Want to know the real reason Disney (NYSE:DIS) paid $4 billion for Lucasfilm in the hope it can turn the Star Wars franchise into more hits?
It's because there's a cash cow in the back called ESPN. And the cow is about to get thinner.
The earnings warning on the cash cow may be motivating a speculative move on the part of Disney that may or may not pay off. The stock currently remains below the price it was at when the Lucasfilm deal was announced, over fear of earnings dilution on an $86 billion market cap.
I think the LucasFilm deal will pay off big for Disney, but I do think some caution is justified on earnings going forward because of risks to the sports franchise. I'll discuss them below. See whether or not you agree.
ESPN isn't just a single channel any more. There's ESPN2, ESPNews, ESPNClassic, and ESPNU. Each gets valuable cable real estate. And there's ESPN3, an Internet-only "channel" that charges ISPs $5/month per subscriber for access permission. All these sources of cash flow have let ESPN become the big dog in acquiring sports rights around the globe.
But the industry is on to the game, and it's getting into it. Fox (NASDAQ:NWS) has cobbled together its own collection of regional channels under the Fox name, and is competing for rights. Comcast's (NASDAQ:CMCSA) NBC Universal unit has turned the former OLN - previously home to bicycling and rodeo - into the NBC Sports channel and just bought exclusive U.S. rights to the English Premier League for an eye-popping $250 million. Even CBS (NYSE:CBS) has its own sports-only channel, which it has been using to go after collegiate leagues.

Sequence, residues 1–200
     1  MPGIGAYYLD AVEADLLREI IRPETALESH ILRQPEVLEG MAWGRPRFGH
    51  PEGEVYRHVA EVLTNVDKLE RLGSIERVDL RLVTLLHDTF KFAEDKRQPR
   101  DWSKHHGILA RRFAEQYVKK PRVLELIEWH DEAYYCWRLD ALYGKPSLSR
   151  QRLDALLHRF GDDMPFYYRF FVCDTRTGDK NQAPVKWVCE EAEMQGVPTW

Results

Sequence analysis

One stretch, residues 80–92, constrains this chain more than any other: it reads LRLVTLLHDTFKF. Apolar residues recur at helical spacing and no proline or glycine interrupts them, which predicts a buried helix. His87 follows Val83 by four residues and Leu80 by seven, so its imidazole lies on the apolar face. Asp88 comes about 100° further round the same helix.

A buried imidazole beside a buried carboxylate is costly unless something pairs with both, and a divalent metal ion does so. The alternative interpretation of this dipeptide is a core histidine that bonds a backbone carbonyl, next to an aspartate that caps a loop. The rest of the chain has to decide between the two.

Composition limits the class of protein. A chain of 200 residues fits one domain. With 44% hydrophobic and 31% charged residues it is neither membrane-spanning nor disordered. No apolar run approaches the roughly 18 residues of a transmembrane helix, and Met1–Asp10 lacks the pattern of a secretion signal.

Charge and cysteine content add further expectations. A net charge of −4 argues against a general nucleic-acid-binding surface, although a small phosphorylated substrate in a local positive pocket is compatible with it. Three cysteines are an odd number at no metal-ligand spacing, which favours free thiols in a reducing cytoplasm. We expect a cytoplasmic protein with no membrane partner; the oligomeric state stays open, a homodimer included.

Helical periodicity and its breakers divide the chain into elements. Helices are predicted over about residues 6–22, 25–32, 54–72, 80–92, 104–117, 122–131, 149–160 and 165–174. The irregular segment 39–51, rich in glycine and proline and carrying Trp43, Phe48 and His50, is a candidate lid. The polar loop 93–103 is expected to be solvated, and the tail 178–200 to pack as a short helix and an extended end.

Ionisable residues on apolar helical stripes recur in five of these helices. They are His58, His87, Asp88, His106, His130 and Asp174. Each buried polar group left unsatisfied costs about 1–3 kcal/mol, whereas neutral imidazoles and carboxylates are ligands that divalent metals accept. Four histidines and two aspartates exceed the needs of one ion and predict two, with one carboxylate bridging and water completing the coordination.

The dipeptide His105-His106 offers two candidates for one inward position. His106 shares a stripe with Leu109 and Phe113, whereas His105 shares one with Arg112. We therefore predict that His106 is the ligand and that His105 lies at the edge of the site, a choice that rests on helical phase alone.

How "bad" is it? I went to Rice University, not a hotbed of sports then or now. (But I think our chemistry department can beat up your chemistry department.) Their football team barely draws a congregation to its old stadium, let alone a crowd, and its league, called Conference USA, has become a laggard. Yet I saw almost all their games this year (or I could have - some were truly execrable) on basic cable, mostly through Fox and CBS. (They wound up going 6-6 and they're headed for a minor bowl game.)
Point is, cable programmers are bidding heavily on all sorts of things, and showing them to people, even games few can be expected to see.
How bad is this for Disney and ESPN? In addition to its U.S. challengers, the network will also have to compete for rights with Al Jazeera, which has launched its own sports channels, called BE IN, recently. If you wanted to see the U.S. Mens' fight back against Antigua a few months ago, you were out of luck unless your cable channel had BE IN.
All this points to margin compression for ESPN, and less earnings growth for DIS, unless a way can be found to improve results elsewhere. Hence Lucasfilm, which is a fairly speculative play. But it's one the company had to make.